Because every training session is followed by cleaning guns and gear, Brian figures he's spent a good portion of the time cursing the cleaning gear that didn't quite work the way he wanted it to. Snipers and precision shooters are very particular about how they clean their rifles. Some of the rituals are sniper voodoo and others are sound cleaning techniques. My sniper rifle-cleaning box was mine--the only thing I would share with my teammates was maybe some patches. The rest I kept in pristine condition, especially my cleaning rods. The rods were sacred and protected because we didn't want to inadvertently cause damage to the chamber or bore. A quality bore guide protected the chamber and the best quality rods were all I would put down the bore.

Brian was satisfied with his bench-cleaning set up; it was when he was in the field or military guys were deployed when cleaning kits fell way short of the mark. Brian knew there was better way to skin this cat, and he set out to make it so. The fruit of his labor is what he calls the SAIN (Sniper And Infantry) cleaning kit. Currently Brian produces two kits; one is specific to 5.56mm and the other is for .30-caliber bores.


The major difference between the two kits is the 5.56 kit uses precision manufactured rods without attached brass bore riders found on .30-caliber rods.

From the outside in, Brian chose only the best components. The modular pouch is made by TAB gear and is available in MultiCam or coyote tan--this pouch is built to out last the rifle and the one you use after that one. The zippers are extremely durable and both sides have MOLLE TAB for easy mounting on your kit. Inside the case is a detachable cleaning mat with blaze orange on one side for use as a marker in a pinch. The real beauty of the TAB pouch is the "page" type system it uses. The spine of the case is made of heavy duty Velcro and pages for different rod types, accessory pouches and the cleaning mat are all removable so you can set it up the way you want it. In addition to the pages, there are two zippered pouches to store cleaning accessories.


As seen in the close up photo, the brass bore riders make the 30-cal. rod safe for use in a precision rifle. The spacing of the riders ensures no part of the rod other than brass will make contact with the bore or crown of the rifle. The completed rod comes in at 40 inches long and other sections can be added if desired. A bonus is that single sections can be used to clean handguns.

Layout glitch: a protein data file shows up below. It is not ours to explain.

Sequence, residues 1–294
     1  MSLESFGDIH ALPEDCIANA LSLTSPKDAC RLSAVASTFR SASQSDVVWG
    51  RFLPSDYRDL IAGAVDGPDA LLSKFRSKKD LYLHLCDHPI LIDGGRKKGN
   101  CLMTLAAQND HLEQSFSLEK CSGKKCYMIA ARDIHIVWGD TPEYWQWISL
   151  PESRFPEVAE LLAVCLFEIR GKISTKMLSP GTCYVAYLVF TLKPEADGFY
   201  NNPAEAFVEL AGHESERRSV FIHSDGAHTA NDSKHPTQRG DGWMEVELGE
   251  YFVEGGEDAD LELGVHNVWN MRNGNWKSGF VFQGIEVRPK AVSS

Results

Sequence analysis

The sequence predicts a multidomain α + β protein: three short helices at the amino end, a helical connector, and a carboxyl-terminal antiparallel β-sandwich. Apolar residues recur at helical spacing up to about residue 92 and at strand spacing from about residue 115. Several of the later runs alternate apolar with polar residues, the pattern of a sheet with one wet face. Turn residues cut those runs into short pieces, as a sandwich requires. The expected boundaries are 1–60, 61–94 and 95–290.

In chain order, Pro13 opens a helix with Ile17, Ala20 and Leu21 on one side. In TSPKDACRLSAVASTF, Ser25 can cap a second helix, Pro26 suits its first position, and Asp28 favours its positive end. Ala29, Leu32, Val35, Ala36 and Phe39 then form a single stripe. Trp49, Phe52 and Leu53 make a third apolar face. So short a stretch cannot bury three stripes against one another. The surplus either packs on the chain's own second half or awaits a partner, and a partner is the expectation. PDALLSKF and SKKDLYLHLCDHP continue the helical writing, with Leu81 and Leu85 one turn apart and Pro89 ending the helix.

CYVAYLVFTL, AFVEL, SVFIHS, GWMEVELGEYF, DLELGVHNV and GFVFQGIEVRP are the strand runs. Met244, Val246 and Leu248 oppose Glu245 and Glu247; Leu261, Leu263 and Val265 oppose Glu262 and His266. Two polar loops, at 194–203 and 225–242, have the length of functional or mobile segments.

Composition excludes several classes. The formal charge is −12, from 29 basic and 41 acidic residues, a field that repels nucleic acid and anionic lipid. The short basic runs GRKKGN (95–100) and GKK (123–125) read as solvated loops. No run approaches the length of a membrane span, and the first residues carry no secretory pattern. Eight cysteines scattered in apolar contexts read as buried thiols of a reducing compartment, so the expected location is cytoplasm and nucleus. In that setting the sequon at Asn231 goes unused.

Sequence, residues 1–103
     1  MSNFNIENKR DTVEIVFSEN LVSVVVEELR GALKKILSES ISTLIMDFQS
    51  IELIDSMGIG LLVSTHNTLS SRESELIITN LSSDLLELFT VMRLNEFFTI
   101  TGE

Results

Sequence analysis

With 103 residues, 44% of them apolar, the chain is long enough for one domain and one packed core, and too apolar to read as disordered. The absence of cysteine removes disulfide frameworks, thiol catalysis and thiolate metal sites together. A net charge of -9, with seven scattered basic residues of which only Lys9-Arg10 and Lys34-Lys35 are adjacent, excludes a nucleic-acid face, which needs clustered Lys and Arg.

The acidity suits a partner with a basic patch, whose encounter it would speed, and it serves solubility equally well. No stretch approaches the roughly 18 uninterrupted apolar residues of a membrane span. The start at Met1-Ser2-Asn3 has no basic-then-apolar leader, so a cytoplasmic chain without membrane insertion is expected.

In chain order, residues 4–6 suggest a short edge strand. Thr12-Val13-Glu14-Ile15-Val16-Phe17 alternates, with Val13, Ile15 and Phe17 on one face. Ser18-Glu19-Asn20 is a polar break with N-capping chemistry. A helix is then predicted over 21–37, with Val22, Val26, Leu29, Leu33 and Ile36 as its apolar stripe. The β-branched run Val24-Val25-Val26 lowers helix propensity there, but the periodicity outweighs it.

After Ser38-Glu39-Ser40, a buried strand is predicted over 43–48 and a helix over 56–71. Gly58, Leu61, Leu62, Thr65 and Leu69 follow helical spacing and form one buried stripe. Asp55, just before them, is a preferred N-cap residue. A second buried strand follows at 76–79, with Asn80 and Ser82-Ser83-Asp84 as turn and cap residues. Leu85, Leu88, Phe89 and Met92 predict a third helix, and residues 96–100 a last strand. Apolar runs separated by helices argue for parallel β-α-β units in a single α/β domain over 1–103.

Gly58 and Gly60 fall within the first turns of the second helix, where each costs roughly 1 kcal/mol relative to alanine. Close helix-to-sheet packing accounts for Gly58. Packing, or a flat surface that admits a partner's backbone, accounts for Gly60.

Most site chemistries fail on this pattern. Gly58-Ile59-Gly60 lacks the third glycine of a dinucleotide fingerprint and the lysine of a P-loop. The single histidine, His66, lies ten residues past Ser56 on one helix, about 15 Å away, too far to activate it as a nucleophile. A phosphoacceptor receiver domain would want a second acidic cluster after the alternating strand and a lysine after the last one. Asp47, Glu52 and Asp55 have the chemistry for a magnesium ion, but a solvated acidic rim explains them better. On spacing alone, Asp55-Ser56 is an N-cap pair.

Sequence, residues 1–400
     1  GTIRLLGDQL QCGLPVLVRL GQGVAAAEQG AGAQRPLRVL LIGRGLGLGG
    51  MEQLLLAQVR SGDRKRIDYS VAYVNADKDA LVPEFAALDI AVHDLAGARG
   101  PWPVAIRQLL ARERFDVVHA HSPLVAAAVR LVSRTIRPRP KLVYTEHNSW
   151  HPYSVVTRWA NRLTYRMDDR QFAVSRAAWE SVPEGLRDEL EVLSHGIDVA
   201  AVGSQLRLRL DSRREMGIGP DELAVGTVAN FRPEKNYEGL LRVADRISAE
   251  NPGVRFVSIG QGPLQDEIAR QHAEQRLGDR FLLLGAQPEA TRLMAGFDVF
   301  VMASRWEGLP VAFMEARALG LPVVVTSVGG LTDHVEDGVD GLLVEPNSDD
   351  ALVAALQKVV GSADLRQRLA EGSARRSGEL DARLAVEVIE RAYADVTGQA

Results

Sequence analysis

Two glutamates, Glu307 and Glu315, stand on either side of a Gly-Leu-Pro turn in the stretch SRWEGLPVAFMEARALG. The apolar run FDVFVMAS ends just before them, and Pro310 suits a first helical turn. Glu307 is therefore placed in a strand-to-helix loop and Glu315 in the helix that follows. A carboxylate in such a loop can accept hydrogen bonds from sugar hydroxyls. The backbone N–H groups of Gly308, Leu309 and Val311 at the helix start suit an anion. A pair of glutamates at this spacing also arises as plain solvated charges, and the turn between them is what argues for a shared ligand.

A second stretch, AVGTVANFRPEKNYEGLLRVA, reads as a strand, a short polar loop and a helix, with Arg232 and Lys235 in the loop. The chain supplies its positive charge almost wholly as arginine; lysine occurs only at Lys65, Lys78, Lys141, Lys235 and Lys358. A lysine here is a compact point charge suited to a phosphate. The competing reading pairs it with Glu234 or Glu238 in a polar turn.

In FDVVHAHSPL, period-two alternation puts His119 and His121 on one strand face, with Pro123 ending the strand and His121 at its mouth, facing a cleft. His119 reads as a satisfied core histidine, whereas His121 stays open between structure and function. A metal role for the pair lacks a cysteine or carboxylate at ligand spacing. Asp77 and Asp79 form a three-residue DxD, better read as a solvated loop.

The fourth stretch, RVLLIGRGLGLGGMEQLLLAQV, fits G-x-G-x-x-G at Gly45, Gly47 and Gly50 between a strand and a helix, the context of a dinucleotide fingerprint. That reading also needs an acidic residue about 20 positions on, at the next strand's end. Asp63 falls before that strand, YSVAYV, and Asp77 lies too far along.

In addition to helping out sniper teams, Brian has sent these kits to Army and Marine machine gunners. These boys put mountains of ammo through the various 240 platforms. The response has been simple ... Please send more kits.


Included in every kit is a Picatinny rail interface with removable ladder for protection. The T-handle base allows for the completed rod to spin freely--this ensures the rods don't get stuck together. The Picatinny rail allows the handle to be attached to many different vertical fore grips more leverage. Oh, there's still more--on the handle is a 3/8-inch drive socket adapter for use with any type of socket and adapter for Torx or other bits.

To keep things simple, all the kits utilize commercial COTS 8-32 threads for jags, brushes and patch holders. Adapters are available to accommodate other manufactures accessories.

I know the kit says Sniper and Infantry, but I have to say as a guy who spends a lot of time in the field doing all kinds of hunting, I won't head out without one of these kits in my ruck. Flexible bore cleaners are light and take care of simple bore wipe out. If you take a fall and pack the bore full of mud or snow, you are out of commission. Brian built the rods to withstand you pounding an obstruction out of the bore and get you back on the hunt or the fight.

I've put both the 5.56 and .30-cal kits through their paces and I wasn't always nice about how I treated it. I told Brian I did my best to find a problem, but what I did find was I better put my name on the kits or someone will walk away with it.

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Author:Reese, Sammy
Publication:Firearms News
Date:May 20, 2016